(291c) Cyto-Toxicity and Biocompatibility of a Family of Choline Phosphate Ionic Liquids | AIChE

(291c) Cyto-Toxicity and Biocompatibility of a Family of Choline Phosphate Ionic Liquids


Weaver, K. D. - Presenter, University of North Carolina at Charlotte
Kim, H. J. - Presenter, University of North Carolina at Charlotte
Elliott, G. D. - Presenter, University of North Carolina at Charlotte
MacFarlane, D. - Presenter, Monash University

Recently a number of ionic liquids have been demonstrated to improve the thermostability and shelf life of proteins in liquid formulations, and thus show great promise as stabilizing excipients or solvents for protein therapeutics. Ionic liquids (ILs) consist of an anion and cation, but unlike typical salts, they are liquid at/near room temperature and can thus replace water and other solvents in a range of applications including protein-based pharmaceutical formulations intended for parenteral injection. The anion and cation choice can be tailored to provide desired solvent characteristics. When rationally designing new inactive compounds for use within the body, it can be beneficial to use starting materials that are already FDA approved for drug formulation or alternatively are naturally found within the body. Because of the prevalence of choline and phosphates in the human body, a family of choline phosphate salts was synthesized according to methods in the literature, and characteristics related to their biocompatibility were studied. Ionic liquids prepared for use in this work incorporate choline as a cation and the following anions dihydrogen phosphate (CDHP), dibutyl phosphate (CDBP), bis(2-ethyl hexyl) phosphate (CBEH), bis(2,4,4,-trimethyl pentyl) phosphinate (CTMP), and O,O′-diethyl dithiophosphate (CDEP). Simple salts and sugars, and an ammonium based ionic liquid, ethylammonium nitrate (EAN) were included for comparison. Both CDHP and EAN have been shown to dramatically improve the shelf life of several proteins.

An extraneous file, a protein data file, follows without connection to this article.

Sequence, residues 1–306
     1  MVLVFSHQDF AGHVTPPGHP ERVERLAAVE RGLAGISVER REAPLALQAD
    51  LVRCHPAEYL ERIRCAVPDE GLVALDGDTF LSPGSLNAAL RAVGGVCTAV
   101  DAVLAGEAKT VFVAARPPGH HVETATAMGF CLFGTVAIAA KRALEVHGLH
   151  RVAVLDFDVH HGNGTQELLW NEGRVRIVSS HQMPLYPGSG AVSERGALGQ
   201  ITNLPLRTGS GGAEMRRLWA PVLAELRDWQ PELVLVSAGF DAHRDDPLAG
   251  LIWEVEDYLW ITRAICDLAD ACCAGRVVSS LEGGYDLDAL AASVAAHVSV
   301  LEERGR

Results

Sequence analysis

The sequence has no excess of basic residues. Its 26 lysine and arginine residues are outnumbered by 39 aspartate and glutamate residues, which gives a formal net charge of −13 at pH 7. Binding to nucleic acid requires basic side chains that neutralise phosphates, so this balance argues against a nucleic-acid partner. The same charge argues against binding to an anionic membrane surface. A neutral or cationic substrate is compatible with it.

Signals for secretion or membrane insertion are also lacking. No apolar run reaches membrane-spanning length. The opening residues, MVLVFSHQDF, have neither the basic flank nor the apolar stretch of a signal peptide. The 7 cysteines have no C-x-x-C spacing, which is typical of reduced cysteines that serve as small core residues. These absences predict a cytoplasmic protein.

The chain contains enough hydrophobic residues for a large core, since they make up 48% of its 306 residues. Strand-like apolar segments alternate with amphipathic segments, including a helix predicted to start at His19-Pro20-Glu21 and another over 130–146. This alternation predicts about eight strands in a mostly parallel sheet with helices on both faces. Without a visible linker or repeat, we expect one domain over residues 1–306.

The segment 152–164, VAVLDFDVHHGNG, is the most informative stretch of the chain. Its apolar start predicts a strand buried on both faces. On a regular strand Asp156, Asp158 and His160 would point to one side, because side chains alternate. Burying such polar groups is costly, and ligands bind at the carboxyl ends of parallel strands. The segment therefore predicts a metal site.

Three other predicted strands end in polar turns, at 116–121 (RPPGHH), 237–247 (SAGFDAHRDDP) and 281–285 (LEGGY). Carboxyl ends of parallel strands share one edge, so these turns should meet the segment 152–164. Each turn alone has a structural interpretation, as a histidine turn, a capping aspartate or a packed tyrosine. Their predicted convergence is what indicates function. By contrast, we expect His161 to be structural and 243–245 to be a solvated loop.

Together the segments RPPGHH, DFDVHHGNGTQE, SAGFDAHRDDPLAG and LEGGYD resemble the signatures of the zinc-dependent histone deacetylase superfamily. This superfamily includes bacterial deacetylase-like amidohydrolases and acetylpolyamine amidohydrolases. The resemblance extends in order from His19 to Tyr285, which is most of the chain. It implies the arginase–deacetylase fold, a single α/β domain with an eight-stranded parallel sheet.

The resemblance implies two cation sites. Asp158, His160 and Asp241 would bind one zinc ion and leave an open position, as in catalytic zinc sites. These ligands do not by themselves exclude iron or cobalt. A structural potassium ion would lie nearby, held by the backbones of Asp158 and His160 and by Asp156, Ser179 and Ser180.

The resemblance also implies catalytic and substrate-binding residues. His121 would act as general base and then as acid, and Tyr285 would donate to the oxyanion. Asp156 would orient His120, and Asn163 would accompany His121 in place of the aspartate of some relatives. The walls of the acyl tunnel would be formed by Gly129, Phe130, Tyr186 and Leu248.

To establish the relative toxicity of these compounds, mouse macrophages (J774) were used as a model cell type. Cell viability following exposure to ILs was measured using a resazurin-based fluorometric assay to estimate the number of metabolically active cells in 96-well plates. Viable cells reduce resazurin to fluorescent resorufin whereas nonviable cells do not generate a fluorescent signal. Stock solutions of ionic liquids were prepared in culture medium. Cells were exposed to 1:1 serial dilutions of each IL compound in 96-well plates for 48 hours. Each plate contained a media and an untreated cells control. Concentrations ranged from 0.2 to 113 mM, and were optimized for complete concentration-response curves including hormetic effects. The simple sugar (trehalose) showed incomplete inhibition in the concentration range tested and is reported with an EC50 >100 mM, while the simple salts (sodium chloride, and choline chloride) had EC50 values of 67 and 35 mM respectively. The EC50 values (mM) of CDHP (19), CDBP (8.4), CDEP (7.4), and EAN (7.1) were lower than simple salts, suggesting that they were modestly more toxic, but still within the range of typical physiologic salts. The sulfanyl and sulfanylidene groups on CDEP did not appear to adversely affect toxicity compared to CDBP or EAN, but these three were approximately twofold more toxic than CDHP. The compounds CTMP and CBEH gave EC50 values of 0.25 and 0.24 mM, respectively, lower than all the other compounds tested. This can be attributed to the longer and branched alkyl chains. In the case of both CDHP and CBEH, cell viability increased with increasing concentration before it was reduced with additional increasing ionic liquid concentration, i.e., both compounds induced a subtoxic stimulus or hormetic response. The hormetic effect of CDHP showed considerable variability. In the preparation of the stock CDHP in culture medium, the pH of the medium decreased indicating that the buffer capacity of the media had been exceeded. The acidity of the CDHP media may be the source of toxicity at higher CDHP concentrations and warrants further investigation.